Water Industry News
Carl Junction, MO considers tapping residents' wallets to diminish
deficits and add fluoride to drinking water
By Jeff Wells
Globe Staff Writer
CARL JUNCTION, Mo. - Growing
deficits in Carl Junction's water fund are prompting the City Council to
consider tapping into residents' wallets.
The council, meeting in a work session Tuesday night, heard the city's
engineering firm say that the city may have to postpone planned
maintenance and improvements unless a rate increase is approved.
The engineering firm has recommended a 15 percent increase for the
average user. The rates supported by the council are about a 10 percent
increase, said City Administrator Joe Barfield.
That proposal would increase the residential base rate to $5 from $4,
and the rate for each additional 1,000 gallons to $2.36 from $2.25. The
increases, officials said, would push the bill for an average household
to $17.22 from $15.70 a month.
Barfield said Carl Junction expected a deficit in the water fund for a
few years after completing water-system projects earlier this year, but
construction costs were more than expected.
Water sales also have been lower than expected, Barfield said. The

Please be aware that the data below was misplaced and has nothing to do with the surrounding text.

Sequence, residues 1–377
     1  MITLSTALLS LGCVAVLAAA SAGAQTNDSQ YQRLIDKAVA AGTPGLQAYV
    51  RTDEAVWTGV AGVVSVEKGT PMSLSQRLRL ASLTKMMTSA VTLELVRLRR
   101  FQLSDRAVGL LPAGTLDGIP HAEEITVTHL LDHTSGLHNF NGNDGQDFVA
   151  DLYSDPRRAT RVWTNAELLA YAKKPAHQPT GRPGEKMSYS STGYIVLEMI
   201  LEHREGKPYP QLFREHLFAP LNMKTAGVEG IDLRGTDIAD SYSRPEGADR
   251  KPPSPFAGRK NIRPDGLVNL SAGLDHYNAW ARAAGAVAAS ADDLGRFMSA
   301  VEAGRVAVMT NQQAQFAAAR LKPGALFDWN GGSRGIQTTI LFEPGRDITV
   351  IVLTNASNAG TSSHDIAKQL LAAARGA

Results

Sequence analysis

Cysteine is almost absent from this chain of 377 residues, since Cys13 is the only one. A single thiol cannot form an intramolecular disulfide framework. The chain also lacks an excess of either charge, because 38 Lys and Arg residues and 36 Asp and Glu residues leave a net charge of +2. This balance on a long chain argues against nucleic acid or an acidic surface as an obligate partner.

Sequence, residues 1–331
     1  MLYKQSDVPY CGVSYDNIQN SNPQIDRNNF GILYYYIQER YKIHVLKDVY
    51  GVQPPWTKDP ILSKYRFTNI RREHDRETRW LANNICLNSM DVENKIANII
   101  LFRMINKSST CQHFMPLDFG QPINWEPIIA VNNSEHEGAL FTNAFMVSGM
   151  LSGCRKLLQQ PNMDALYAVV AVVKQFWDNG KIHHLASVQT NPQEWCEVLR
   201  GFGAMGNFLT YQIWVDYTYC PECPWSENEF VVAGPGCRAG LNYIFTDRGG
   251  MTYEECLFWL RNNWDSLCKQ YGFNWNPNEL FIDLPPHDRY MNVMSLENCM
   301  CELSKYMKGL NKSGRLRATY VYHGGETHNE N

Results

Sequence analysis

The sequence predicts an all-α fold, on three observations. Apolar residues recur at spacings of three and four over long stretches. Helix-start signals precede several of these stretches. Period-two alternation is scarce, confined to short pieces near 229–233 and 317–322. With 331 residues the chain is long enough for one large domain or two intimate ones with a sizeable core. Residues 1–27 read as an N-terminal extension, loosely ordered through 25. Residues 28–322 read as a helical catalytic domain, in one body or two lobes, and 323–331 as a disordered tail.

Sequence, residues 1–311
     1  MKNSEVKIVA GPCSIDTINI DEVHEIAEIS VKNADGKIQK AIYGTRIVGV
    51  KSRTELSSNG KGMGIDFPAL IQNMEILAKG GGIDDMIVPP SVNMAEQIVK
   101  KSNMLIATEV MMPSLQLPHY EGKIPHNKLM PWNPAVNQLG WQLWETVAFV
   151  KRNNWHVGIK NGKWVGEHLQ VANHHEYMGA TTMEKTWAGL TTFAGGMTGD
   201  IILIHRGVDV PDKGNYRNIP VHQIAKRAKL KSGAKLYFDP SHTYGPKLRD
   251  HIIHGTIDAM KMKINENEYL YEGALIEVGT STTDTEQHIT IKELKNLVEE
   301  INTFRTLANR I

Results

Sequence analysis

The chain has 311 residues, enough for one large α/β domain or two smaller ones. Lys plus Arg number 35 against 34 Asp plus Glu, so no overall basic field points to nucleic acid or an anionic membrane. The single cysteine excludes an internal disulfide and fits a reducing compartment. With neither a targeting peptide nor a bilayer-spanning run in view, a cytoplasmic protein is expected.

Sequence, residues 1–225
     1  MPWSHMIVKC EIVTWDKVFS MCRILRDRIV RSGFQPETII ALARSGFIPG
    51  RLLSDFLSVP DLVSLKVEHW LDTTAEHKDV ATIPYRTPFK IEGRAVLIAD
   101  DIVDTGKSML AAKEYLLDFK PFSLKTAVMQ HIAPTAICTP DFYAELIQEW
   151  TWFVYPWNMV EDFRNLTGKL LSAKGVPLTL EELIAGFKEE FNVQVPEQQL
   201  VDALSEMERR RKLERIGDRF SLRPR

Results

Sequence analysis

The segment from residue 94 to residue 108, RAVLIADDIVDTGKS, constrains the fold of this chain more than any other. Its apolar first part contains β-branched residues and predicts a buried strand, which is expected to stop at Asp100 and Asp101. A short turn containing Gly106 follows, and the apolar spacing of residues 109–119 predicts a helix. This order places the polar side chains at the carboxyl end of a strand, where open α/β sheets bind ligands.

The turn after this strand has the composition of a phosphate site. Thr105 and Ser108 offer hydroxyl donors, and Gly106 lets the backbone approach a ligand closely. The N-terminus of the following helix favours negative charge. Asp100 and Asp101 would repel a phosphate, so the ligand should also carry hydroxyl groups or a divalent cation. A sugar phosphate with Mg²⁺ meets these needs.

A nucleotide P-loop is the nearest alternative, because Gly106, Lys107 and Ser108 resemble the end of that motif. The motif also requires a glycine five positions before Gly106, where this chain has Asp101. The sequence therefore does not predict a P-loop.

council speculated that the slow sales could be attributed to the cool
summer the area experienced.
The $1.7 million project was designed to accommodate growth for 20
years, and improve water quality and pressure. The work was financed
with a loan designed to be paid off with revenue from residents' water
bills. The council did not raise rates when voters approved the plan.
Carl Junction last raised rates four years ago. Mayor Jim Wisdom said
the city needs to consider more frequent but smaller increases in the
Councilman Mike Palmer agreed that an immediate rate increase is needed,
and said another should be considered if voters in April approve adding
fluoride to the town's water.
The engineers said it would cost $110,000 to purchase and install
fluoridation equipment. Palmer said the city would likely pay that bill
with another loan and raise rates again to pay off the debt.
"If we go with fluoridation, we will definitely need an
adjustment," Palmer said.
But Palmer said the council should look at another rate increase next
spring regardless of what voters decide about fluoridation.
The council will consider an ordinance that would raise rates at its
Nov. 2 meeting.